Understand that there is a chance that the birthmom might back out, and that it can happen fairly last-minute.

Yes, having this happen is devastating, but it happens a lot more frequently than you'd think. If a birthmom feels like something isn't right, she will back away because of concern for her child and her. After all, adoption is ultimately the birthmother's choice in private adoption.

When perusing for adoptive parents, I've backed out on one couple due to a strange feeling I got in my gut, and later found out that my initial hunch was right. Had I gone through with the adoption with that pair of parents, I never would have seen my daughter again.

Later on, I found an adoptive couple who had the same family values as I did - and now I see my child regularly and spend holidays with her. My daughter knows her grandparents, and I know her uncles. It's what everyone in our family wanted.

That being said, I do believe that if adoptive parents really want a child, they will be able to find a match eventually. However, it's important to remember that matching is an extremely personal decision for birth parents, and this isn't something you can force.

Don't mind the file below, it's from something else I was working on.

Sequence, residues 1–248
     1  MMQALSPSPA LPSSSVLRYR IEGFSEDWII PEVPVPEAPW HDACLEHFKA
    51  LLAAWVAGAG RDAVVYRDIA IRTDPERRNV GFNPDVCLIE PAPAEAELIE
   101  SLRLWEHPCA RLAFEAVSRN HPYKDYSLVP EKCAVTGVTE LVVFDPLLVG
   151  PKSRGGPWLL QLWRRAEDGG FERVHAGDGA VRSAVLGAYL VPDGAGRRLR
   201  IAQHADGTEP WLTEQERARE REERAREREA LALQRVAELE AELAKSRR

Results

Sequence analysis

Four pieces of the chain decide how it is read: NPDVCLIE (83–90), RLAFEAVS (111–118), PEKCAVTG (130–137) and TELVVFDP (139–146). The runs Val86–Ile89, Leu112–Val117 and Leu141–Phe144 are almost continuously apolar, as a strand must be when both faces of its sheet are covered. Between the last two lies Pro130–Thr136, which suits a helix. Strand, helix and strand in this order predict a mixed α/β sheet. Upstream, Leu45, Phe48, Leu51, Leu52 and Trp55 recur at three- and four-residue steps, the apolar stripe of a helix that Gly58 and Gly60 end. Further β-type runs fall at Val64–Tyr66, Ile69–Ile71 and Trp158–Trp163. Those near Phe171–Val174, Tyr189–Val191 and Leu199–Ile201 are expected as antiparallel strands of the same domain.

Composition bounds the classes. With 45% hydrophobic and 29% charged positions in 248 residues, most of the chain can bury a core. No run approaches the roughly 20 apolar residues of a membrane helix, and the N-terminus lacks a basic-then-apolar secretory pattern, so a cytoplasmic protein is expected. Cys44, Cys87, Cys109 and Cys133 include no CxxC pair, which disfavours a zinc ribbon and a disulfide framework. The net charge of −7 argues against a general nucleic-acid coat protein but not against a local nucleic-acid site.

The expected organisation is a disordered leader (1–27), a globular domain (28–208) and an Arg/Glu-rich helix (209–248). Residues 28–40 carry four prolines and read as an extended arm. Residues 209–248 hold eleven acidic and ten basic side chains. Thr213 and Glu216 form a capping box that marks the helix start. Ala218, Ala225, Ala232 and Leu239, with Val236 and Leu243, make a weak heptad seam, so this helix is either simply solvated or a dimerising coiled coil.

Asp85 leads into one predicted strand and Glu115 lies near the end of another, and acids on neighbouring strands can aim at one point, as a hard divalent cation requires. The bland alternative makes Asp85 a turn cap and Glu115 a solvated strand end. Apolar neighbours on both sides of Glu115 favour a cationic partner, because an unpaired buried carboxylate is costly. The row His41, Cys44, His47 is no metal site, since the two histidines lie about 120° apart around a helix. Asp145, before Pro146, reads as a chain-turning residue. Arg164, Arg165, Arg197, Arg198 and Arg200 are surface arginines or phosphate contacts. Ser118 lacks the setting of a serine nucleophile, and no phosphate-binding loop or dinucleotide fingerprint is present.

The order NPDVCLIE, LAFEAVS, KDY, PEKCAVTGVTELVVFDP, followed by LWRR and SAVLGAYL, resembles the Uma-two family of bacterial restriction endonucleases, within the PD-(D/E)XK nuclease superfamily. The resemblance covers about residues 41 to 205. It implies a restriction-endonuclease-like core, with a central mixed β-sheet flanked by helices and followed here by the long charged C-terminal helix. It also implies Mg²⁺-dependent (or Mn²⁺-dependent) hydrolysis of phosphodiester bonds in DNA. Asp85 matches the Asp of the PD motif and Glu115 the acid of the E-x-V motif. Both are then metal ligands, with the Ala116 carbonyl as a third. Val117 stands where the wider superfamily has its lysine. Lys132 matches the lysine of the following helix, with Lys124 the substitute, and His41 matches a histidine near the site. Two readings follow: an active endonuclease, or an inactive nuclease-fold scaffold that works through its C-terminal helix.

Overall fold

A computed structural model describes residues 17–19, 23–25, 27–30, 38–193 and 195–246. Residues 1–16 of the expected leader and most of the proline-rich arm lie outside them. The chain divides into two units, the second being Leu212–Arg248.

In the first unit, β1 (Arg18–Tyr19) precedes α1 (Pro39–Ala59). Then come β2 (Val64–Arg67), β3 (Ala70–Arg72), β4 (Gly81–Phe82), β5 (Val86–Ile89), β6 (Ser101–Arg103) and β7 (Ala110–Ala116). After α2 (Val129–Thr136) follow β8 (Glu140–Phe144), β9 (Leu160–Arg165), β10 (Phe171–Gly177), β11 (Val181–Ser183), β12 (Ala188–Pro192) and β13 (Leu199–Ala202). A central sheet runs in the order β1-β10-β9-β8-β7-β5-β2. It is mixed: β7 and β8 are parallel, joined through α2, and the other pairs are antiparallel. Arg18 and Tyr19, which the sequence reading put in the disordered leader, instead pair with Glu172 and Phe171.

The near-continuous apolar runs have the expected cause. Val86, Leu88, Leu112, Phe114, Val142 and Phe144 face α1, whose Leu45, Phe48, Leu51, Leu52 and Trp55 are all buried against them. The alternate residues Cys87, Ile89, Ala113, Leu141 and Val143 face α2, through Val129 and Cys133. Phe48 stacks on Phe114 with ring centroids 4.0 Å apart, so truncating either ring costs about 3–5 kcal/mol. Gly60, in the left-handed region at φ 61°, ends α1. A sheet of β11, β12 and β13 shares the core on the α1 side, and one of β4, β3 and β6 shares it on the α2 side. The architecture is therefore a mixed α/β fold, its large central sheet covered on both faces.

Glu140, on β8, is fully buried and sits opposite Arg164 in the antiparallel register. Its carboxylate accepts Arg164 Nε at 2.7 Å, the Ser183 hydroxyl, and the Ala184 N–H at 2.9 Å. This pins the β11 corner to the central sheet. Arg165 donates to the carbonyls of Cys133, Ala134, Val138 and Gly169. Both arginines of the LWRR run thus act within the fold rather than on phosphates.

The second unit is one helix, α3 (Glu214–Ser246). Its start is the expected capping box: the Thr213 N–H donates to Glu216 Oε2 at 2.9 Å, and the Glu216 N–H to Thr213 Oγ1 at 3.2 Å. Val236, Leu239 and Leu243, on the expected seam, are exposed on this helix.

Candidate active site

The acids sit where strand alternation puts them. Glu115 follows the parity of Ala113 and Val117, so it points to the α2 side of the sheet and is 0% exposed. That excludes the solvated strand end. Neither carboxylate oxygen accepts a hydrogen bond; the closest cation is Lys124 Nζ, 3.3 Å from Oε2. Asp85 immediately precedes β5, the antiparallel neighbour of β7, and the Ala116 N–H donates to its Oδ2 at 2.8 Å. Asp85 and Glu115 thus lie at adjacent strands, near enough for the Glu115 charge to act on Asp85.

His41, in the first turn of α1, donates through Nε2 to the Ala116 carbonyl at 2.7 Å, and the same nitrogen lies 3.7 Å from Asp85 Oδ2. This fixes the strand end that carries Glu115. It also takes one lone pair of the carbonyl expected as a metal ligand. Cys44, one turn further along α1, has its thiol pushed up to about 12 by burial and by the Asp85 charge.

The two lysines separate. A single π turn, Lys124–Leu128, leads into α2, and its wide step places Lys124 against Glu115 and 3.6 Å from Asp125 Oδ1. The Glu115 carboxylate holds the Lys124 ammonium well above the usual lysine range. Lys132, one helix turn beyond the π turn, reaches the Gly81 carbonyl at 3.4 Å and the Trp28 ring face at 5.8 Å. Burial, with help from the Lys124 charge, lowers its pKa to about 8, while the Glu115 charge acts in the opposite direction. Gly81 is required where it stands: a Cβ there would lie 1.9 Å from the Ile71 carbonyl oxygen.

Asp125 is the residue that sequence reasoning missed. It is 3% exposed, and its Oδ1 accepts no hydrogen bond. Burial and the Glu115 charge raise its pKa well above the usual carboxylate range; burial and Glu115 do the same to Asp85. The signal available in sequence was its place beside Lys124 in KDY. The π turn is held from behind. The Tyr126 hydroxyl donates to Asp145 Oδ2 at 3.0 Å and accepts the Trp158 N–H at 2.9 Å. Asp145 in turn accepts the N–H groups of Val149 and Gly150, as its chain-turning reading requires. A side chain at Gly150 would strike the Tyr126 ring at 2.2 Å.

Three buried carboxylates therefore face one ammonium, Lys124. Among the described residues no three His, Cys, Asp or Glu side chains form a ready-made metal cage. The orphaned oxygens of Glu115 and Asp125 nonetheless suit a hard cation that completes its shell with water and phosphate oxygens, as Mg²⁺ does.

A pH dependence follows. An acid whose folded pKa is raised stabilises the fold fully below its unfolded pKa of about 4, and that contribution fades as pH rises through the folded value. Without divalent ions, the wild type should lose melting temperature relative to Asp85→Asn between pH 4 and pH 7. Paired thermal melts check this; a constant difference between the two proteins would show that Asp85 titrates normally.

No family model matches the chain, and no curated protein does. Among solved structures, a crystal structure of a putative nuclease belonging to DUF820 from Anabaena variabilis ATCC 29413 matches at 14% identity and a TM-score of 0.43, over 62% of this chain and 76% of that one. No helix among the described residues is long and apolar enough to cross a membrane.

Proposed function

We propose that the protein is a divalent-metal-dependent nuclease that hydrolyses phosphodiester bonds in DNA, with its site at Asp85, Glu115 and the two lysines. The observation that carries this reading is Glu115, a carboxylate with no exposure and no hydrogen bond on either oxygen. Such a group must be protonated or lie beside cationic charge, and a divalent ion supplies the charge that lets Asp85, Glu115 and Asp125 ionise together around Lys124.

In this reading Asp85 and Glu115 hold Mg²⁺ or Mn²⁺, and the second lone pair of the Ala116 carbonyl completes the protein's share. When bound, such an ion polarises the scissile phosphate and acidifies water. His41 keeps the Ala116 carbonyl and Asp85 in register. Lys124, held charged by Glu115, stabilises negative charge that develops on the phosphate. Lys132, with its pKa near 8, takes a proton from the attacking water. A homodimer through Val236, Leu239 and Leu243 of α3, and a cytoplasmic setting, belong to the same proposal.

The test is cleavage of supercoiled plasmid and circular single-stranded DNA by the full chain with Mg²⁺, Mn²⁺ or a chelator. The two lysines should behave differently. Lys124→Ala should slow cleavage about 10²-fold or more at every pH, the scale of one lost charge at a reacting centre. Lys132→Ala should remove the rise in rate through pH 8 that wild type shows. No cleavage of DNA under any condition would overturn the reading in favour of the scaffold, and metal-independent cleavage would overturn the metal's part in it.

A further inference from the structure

Your best bet is to approach the parents and work with them to create a family where they, too, can help with the child's upbringing in some way.

Once you find a match, you will have to go to court and sign the papers.

It takes approximately a month after the child is born to finalize a newborn adoption. Once your child is legally adopted, you are a family - and all is well.

For older children, the process can vary depending on the situation. Thankfully, there are a lot of adoption lawyers who can help guide you through the process.

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About the Creator

Ossiana Tepfenhart

Ossiana Tepfenhart is a writer based out of New Jersey. This is her work account. She loves gifts and tips, so if you like something, tip her!